To make the beet puree, you can boil the beets for about an hour… or, do what I did and peel/trim them and bake them in foil with a little dab of butter for about an hour. I didn’t want to loose any of the beet goodness into boiling water, and I’m quite glad I stuck with this approach. However, if you are concerned about the cake being “too beety” feel free to boil them. Once the beets are soft and cooled, mash them with a potato masher or a food processor.

Preheat the oven to 325F.

Combine the melted butter, sugar, eggs and water, and mix until smooth.

Sift the flour, cocoa and baking powder together into a bowl, and then stir in the salt. Then, slowly add the dry ingredients into the butter/egg mixture. When it is smooth, fold in the beet puree.

Scoop the batter into a prepared baking pan. You’ll have to adjust your baking times for the size of your pan. For a small, 4-inch round, bake for about 30 minutes. Cupcakes are about 20-25 minutes. The Budnt cake from the original recipe called for 70 minutes. I recommend checking fairly frequently, and using the tooth-pick test to ensure the cake is set once the top starts firming up. Don’t over cook! You want the cake light but still moist.

Cool the cake on a wire rack before icing.

For the Icing

2 sticks unsalted butter
1/4 cup beet puree
1/2 lb confectioners’ sugar (or to taste)

Melt one stick of butter in a sauce pan with the beet puree. Simmer for about 5 minutes, then run the mixture through a fine sieve.

Cream the other stick of butter, and then add the butter/beet mix. Beat until it is fully combined. Then, gradually add the icing sugar until it thickens and is smooth.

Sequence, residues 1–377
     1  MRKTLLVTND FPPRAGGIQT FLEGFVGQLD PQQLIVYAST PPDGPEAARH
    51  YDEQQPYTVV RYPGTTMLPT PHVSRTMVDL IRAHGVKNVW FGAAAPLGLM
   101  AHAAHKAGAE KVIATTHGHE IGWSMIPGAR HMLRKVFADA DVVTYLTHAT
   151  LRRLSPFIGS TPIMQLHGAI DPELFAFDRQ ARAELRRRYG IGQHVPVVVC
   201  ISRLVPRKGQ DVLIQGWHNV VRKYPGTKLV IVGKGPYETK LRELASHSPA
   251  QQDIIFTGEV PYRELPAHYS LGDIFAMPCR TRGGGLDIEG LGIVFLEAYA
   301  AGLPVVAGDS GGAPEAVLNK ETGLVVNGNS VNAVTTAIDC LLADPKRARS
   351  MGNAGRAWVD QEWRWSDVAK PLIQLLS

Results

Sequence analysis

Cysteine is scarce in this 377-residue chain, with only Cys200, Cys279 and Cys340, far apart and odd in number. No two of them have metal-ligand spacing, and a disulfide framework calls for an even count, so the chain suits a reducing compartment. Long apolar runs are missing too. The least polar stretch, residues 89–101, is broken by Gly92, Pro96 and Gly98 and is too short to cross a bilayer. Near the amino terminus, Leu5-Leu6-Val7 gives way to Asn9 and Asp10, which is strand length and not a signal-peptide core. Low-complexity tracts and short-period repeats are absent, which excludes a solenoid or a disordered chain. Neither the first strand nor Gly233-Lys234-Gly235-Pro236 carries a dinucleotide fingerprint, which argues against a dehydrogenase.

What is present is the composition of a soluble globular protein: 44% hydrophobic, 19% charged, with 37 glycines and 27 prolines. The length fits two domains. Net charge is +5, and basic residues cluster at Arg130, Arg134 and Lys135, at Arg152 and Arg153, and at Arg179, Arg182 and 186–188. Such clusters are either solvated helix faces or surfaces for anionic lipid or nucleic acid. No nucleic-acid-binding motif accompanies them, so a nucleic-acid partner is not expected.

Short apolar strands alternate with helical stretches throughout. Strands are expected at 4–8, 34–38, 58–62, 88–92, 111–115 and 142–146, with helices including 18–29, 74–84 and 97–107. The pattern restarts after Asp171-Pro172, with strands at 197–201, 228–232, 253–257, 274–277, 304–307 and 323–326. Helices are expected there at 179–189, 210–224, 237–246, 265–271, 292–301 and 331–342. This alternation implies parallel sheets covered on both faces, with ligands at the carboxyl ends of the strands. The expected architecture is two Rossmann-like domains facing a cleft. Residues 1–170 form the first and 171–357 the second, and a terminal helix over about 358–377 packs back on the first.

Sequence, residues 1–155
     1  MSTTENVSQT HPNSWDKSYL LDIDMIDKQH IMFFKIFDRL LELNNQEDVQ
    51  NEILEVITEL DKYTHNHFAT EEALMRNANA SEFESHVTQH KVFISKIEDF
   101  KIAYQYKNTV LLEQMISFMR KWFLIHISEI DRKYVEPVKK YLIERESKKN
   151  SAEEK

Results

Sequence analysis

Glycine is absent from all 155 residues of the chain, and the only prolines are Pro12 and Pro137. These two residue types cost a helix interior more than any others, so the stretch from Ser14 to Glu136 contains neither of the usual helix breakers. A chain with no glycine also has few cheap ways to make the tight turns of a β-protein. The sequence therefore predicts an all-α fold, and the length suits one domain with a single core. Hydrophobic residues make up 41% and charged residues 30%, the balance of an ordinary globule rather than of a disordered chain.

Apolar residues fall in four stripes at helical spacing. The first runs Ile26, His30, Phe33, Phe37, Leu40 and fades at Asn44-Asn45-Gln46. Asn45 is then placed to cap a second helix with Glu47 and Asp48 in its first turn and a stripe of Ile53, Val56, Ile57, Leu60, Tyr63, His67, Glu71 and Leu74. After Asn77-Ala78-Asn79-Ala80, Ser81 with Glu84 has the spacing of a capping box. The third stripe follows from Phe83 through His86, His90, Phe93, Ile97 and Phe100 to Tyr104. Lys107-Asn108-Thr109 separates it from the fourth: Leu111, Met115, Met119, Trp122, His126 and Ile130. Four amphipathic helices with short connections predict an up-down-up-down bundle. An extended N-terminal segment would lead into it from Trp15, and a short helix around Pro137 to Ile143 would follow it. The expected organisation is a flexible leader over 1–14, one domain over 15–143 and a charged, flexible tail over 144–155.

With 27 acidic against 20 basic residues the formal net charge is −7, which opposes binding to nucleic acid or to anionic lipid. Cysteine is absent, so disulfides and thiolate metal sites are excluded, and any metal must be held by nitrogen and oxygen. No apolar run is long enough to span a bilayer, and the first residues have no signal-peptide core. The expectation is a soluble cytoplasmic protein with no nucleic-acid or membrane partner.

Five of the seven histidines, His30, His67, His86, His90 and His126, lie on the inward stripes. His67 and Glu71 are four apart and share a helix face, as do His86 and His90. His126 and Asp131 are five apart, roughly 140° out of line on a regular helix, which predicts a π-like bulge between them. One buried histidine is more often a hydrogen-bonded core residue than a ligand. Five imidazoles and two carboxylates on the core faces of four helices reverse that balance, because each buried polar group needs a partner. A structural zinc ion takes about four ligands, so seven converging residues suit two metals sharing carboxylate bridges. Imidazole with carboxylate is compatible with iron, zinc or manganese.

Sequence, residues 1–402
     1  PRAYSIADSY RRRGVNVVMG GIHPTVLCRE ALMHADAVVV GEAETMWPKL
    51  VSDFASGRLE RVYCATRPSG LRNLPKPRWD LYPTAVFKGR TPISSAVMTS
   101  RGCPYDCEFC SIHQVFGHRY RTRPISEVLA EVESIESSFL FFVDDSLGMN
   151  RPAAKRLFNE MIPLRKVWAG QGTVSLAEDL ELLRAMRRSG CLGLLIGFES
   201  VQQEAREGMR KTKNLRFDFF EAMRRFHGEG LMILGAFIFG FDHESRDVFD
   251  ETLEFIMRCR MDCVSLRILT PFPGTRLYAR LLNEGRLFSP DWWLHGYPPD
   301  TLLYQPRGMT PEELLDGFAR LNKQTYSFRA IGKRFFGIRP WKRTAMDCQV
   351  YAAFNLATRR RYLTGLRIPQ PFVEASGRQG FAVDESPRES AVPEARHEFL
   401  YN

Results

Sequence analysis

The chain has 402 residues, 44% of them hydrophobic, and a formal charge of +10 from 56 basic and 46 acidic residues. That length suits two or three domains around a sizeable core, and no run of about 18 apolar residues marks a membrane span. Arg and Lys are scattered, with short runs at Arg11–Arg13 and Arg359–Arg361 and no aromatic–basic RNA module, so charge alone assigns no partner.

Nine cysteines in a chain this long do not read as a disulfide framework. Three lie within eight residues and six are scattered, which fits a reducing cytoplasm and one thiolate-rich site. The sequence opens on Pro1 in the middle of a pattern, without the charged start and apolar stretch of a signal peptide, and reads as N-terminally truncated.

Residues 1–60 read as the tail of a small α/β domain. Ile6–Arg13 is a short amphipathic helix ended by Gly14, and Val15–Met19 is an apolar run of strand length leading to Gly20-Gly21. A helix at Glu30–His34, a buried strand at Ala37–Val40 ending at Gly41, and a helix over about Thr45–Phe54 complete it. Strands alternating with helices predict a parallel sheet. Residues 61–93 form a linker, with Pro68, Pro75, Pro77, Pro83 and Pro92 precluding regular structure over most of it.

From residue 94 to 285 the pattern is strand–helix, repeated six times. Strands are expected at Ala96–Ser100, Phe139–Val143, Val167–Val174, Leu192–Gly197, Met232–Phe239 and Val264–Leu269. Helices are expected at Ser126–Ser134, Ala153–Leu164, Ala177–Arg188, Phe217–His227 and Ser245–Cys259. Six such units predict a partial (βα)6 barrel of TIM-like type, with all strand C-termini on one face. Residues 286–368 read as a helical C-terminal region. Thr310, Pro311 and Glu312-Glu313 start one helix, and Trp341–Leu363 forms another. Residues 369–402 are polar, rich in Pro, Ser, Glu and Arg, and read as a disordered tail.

To make the ganache
1/8 cup heavy cream
2 T Beet Puree
1 oz dark chocolate (~70% cacao)

In a heavy bottom pan, heat the cream and beet puree on medium heat, stirring the whole time. Remove from heat just before it boils. Let the mixture stand for 10 minutes. Strain into a small cup to remove any beet pulp. Set aside.

Heat water to about 150F and place in a metal bowl, about 1/2 way up. Place another, smaller, metal bowl on top to act as a double boiler. Check the temperature… you should be able to touch the bottom of the top metal bowl. If it’s too hot to touch, add some cold water to the bottom bowl. You want the top bowl to be about 120F when you add the chocolate.

Coursely chop the chocolate and add to the top metal bowl. Set the other chocolate aside for the coating. Stir the chocolate with a rubber spatula until it’s completely melted. Remove it from the heat, and slowly pour in the cream mixture, and whisk until it’s smooth and you can see the whisk lines in the chocolate. Don’t over stir! Spoon into a small cup, cover, and refrigerate for at least 2 hours.

Once cooled, the ganache can be spread over or piped on like icing, or used to fill the cupcakes.

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  • deinin

    I made beet brownies once – they were pretty yummy but totally overshadowed by the parsnip muffins I made at the same time. Like you said, the beets give a wonderful earthy, fruity feel to the chocolate. I’m definitely going to try these!

  • Alanna

    Aha. The ganache completely has my attention! The color’s gorgeous bt I’m imagining the taste and beginning, whoops! to drool …

  • Laurie

    These look wonderful! I bet the beets really add something to them! I have tried many things with vegetables hidden as an ingredient and have always loved how they turned out, will have to give beets and chocolate a try now!

  • rachel

    YUM! I’ve been wanting to make a beet cake.

  • Yvo

    Wow, though I’m no fan of beets, the colors and your description and absolutely wonderful pictures seriously make me want to try these. Yum!

  • Dolores

    I love the idea of using the ganache to fill cupcakes. Wonderfully colorful — and seasonally appropriate indeed!

  • Susan at Food “Blogga”

    You don’t have to convince me to try one of these cupcakes. The vibrant color combination is so enticing!

  • e

    wow! fresh beetroots are in season here (australia) at the moment so i wil definitely get some from my grover — my dad — and try this! my mum has made cake with small cubes of beeetroot and when mixed thr the cake everyone thinks they are cherries!